The tech empowering disabled people in cities
Cities are difficult to live in for people with disabilities. Yet that could change as cities grow
smarter. Assistive tech is playing a big role in the change. Here are three high-tech solutions
making cities easier for people with disabilities.
A wheelchair that can climb stairs
Jose Di Felice, from Switzerland, was disabled in both legs and one arm after an accident
three years ago.
In a wheelchair, he realized that stairs were his biggest challenge. He looked for alternatives
(替代品) and discovered Scewo. The start-up has built a wheelchair that can be controlled through
a smartphone. It has special tracks for climbing stairs.
A robotic exomuscle suit
Zurich-based start-up MyoSwiss has developed a suit with a combination of robotics and
The robotic suit, weighing less than 5 kilograms, adds a layer of muscle that supports
movements. It uses sensors (感应器) at the knee to detect movements the user wants to make and
The Myosuit has enabled two people with mobility limitations to take part in a marathon.
Smart walking stick
Another technology that could change the lives of blind people is a smart walking stick
designed by engineers from Young Guru Academy in Turkey.
The WeWalk stick has a sensor that detects barriers and warns the user. It can be paired with
“These are all really exciting inventions that will make a huge difference to some people,”
says Anna Lawson, the director of the Center for Disability Studies at the University of Leeds in
the United Kingdom.
“By making disabled people more visible (看得见的) then you contribute to understanding,”
says Bryan Matthews, a lecturer at the Institute for Transport Studies at the University of Leeds.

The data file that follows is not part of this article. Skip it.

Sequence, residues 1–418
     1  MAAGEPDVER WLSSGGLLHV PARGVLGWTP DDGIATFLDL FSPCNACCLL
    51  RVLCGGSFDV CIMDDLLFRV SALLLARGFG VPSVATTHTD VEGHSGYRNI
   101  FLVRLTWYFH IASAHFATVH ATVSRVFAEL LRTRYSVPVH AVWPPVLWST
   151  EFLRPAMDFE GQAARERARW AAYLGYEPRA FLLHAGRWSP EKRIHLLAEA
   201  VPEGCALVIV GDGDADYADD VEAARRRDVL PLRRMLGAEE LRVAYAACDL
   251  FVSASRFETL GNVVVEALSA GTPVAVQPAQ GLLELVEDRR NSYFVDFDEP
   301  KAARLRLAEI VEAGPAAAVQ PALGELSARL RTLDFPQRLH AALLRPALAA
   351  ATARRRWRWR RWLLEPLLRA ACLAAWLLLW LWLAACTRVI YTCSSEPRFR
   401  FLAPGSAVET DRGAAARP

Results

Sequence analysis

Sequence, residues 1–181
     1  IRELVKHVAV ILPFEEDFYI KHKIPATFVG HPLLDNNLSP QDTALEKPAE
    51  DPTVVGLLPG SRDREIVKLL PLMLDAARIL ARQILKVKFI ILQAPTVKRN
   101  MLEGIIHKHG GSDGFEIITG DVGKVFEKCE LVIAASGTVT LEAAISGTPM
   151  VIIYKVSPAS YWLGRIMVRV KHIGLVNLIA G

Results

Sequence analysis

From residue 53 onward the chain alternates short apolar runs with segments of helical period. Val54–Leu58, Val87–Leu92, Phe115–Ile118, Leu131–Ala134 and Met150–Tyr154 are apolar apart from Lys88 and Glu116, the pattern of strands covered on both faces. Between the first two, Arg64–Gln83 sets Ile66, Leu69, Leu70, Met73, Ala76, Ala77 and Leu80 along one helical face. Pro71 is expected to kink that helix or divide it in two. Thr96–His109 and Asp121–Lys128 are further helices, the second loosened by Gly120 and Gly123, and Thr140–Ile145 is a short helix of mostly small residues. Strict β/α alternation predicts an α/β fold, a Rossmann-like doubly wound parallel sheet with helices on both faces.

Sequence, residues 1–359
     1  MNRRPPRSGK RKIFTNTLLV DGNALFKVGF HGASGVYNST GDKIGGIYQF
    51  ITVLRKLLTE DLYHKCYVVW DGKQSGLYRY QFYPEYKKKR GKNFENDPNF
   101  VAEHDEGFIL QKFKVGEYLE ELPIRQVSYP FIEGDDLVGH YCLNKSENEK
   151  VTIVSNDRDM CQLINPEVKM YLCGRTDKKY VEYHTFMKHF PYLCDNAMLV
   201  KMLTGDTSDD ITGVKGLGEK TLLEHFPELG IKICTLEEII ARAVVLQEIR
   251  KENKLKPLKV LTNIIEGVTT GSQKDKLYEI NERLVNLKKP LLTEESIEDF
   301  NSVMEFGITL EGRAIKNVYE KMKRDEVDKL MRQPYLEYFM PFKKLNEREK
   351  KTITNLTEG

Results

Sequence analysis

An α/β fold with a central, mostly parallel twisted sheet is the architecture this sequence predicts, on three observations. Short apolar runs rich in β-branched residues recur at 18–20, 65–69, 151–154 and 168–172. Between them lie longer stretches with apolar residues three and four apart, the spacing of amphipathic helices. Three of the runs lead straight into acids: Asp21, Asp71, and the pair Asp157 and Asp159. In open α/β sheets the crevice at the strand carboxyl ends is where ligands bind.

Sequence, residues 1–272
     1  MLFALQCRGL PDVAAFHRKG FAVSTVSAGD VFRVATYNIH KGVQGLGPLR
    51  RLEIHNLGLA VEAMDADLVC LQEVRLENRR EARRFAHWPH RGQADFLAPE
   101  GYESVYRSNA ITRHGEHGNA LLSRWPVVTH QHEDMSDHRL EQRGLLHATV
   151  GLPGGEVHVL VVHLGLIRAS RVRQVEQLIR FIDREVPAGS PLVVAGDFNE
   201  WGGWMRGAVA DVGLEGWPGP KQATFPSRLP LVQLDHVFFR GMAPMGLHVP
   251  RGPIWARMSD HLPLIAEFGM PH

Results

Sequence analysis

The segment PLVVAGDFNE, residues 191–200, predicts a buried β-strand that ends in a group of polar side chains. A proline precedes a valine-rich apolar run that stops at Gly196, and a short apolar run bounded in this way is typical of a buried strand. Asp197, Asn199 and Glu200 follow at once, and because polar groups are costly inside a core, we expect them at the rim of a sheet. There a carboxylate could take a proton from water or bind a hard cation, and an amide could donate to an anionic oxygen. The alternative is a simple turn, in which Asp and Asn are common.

语篇导读： 韩国机器人企业 AIRO 推出了一款名为 MIRO 的生物模仿微型机器鱼，它在水
Have you ever thought about keeping fish at home? It’s a long process and can be very
expensive. Even after buying your fish, you cannot guarantee that the fish will live for very long.
You really have to think long and hard before you start keeping pet fish.
If you are put off by such a commitment, you may be interested in looking at a Korean
company called AIRO. It was created by Mr Oh Yong-joo in 2014. He noticed that there were no
robots in the water. He thought he had found an interesting market with lots of potential.
Robot fish are called MIROs — Marine Intelligent Robots. The MIRO-9 is 53 centimetres
(厘米) long; the MIRO-7 is 33 centimetres. The fish have skins which are designed using 3D
technology. This means you can order your robot fish to look like any species or colour you want.
Sensors (传感器) are also placed inside the head which make sure each MIRO does not swim into
anything. MIROs can swim to about 50 metres in depth. When they were first displayed at an
exhibition, people could not tell if they were real or not.
MIROs are able to swim with real fish without any difficulty. Mr Oh thinks this is a great
way of showing people that it is possible for living creatures to live with robots. Mr Oh is trying to
start creating MIROs that look like extinct fish. Could this mean the end of real dolphin (海豚)
shows? Ocean Park and Sea World should take note.
MIROs certainly look beautiful, and they appear to be much easier to look after than the real
fish you buy for your fish tank. They are not cheap though. It has been reported that smaller and
less expensive MIROs will be developed in the future. When the price comes down, you may want
to think about keeping these as your family pets.
Right whales whisper to their babies
At nearly 50 feet long, North Atlantic right whales are so large that most living things in the
sea shouldn’t worry them — but that’s not the case for their babies. Newborn babies are
vulnerable (易受伤的) to attacks by sharks. To keep them safe, a new study has found, right
whales “whisper” to their young so they don’t attract any hungry predators (捕食者) nearby.
Right whales typically communicate with one another using a rising sound that can last two
seconds and travels very far. With their babies, however, they use a quieter, shorter sound that can
only be heard in the immediate vicinity (附近).
“They allow the mother and babies to stay in touch with each other without advertising their
presence to potential predators in the area,” says Susan Parks, a biologist at Syracuse University.
Understanding North Atlantic right whales is important for the survival of the endangered
“Right whales face a number of challenges,” Parks says. “There are still many things we